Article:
Making gnocchi is time consuming – definitely a Saturday project. I always make extra and put them in the freezer on a cookie sheet covered with wax paper. When they are frozen solid, I put them in a freezer bag for a rainy day. Tonight was a rainy day. It’s Wednesday yoga so Scott made the gnocchi topped with jarred pasta sauce. We have a couple of favorites – Barilla Marinara and Bertolli Tomato & Basil. They both ranked pretty high in a Cook’s Illustrated taste test a few years ago so they have been my go-to jarred sauce ever since.

No matter how you sauce it, this is the best gnocchi recipe I have tried (and I have tried several). The key is baking rather than boiling the potatoes. This results in a light, fluffy dumpling. If you have kids, they can help you shape them and roll them on a fork or whisk to create those important ridges where your sauce of choice nestles.

Potato Gnocchi slightly adapted from Michael Chiarello

serves 6

1 pound russet potatoes

3 to 4 large egg yolks

1/2 cup freshly grated Parmesan

1/4 teaspoon freshly grated nutmeg

1/2 teaspoon sea salt

1/4 teaspoon freshly ground black pepper

1 cup all-purpose flour, plus more for dusting board and dough

Preheat the oven to 425 degrees F.

Place potatoes directly on oven rack. Bake until a bit overcooked, about 45 minutes. Let sit until cool enough to handle, cut in half, and scoop out the flesh. Reserve the potato skins, if desired, for another use.

Pass the potatoes through a potato ricer or grate them on the large holes of a box grater. You should have about 2 cups. Make a mound of potatoes on the counter with a well in the middle, add 3 of the egg yolks, the cheese, nutmeg, salt, and pepper. Mix in the potatoes and mix well with hands. Sprinkle 1/2 cup of the flour over the potatoes and, using your knuckles, press it into the potatoes. Fold the mass over on itself and press down again. Sprinkle on more flour, little by little, folding and pressing the dough until it just holds together, (try not to knead it.) Work any dough clinging to your fingers back into the dough. If the mixture is too dry, add another egg yolk or a little water. The dough should give under slight pressure. It will feel firm but yielding. To test if the dough is the correct consistency, take a piece and roll it with your hands on a well-floured board into a rope 1/2-inch in diameter. If the dough holds together, it is ready. If not, add more flour, fold and press the dough several more times, and test again.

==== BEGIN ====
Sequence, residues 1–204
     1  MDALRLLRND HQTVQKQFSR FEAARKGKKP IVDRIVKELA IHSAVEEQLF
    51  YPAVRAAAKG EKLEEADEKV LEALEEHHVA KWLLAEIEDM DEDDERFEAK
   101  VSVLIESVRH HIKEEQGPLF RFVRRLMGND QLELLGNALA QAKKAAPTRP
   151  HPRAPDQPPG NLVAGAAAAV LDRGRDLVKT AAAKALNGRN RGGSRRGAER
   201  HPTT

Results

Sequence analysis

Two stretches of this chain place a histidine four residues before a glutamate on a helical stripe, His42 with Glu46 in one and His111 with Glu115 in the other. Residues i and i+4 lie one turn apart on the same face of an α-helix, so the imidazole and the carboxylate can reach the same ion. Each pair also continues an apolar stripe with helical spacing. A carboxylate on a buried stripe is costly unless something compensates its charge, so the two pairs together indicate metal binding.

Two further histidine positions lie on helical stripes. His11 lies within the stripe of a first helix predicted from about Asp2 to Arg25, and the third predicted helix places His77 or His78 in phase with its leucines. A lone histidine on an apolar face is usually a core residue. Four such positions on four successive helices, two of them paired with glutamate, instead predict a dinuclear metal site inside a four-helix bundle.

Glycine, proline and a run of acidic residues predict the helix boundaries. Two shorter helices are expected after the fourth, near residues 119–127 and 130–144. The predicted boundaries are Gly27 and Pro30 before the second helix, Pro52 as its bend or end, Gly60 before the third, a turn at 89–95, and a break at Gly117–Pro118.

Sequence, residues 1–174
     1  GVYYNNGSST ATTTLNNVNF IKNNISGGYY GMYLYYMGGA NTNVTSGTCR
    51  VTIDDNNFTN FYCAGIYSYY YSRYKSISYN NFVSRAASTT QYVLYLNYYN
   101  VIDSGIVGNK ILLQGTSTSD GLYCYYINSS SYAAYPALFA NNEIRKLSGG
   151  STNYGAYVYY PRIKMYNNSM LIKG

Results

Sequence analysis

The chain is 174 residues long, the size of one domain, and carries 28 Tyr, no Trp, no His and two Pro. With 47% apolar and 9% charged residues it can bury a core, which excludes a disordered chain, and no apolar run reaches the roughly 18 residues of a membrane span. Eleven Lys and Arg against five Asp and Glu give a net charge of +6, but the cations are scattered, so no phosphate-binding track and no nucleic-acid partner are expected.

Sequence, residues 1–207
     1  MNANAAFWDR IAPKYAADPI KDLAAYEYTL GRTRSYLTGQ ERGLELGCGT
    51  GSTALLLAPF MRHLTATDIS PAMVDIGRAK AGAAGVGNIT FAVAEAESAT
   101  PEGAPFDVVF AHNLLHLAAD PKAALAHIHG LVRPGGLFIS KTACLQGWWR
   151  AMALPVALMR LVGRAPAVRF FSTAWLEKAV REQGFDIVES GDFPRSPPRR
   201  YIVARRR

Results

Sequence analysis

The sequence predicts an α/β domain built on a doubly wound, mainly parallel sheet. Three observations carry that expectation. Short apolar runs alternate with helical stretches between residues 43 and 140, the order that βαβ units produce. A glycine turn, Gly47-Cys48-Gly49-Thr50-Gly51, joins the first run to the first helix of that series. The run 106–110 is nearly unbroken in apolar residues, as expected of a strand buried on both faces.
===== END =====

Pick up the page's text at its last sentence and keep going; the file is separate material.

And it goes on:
Keeping your work surface and the dough lightly floured, cut the dough into 4 pieces. Roll each piece into a rope about 1/2-inch in diameter. Cut into 1/2-inch-long pieces. Lightly flour the gnocchi as you cut them. You can cook these as is or form them into the classic gnocchi shape with the tines of a large fork turned upside down or a whisk. Rest the bottom edge of the fork or whisk on the work surface, then tilt it at about a 45 degree angle. Take each piece and squish it lightly with your thumb against the the fork or whisk while simultaneously pushing it away from you. It will roll away and around your thumb, taking on a cupped shape — with ridges on the outer curve from the tines and a smooth surface on the inner curve where your thumb was. The indentation holds the sauce and helps gnocchi cook faster.

As you shape the gnocchi, dust them lightly with flour and scatter them on baking sheets lined with parchment paper or waxed paper and let sit for up to an hour. If you will not cook the gnocchi until the next day or later, freeze them. Alternatively, you can poach them now, drain and toss with a little olive oil, let cool, then refrigerate several hours or overnight. To reheat, dip in hot water for 10 to 15 seconds, then toss with browned butter until hot.

When ready to cook, bring a large pot of water to a boil and add salt. Drop in the gnocchi and cook for about 90 seconds from the time they rise to the surface. Remove the cooked gnocchi with a skimmer, shake off the excess water, and serve with the sauce of your choice.

Ratings:

Me: N/A (Arm balances for 1 1/2 hours, then a few handfuls of peanut butter pretzels.)

Scott: N/A (He had something else from the freezer I will save for another post.)

Luca:  A+ (This is one of his favorite meals.)

Alia: B (She likes gnocchi, but not as much as her brother).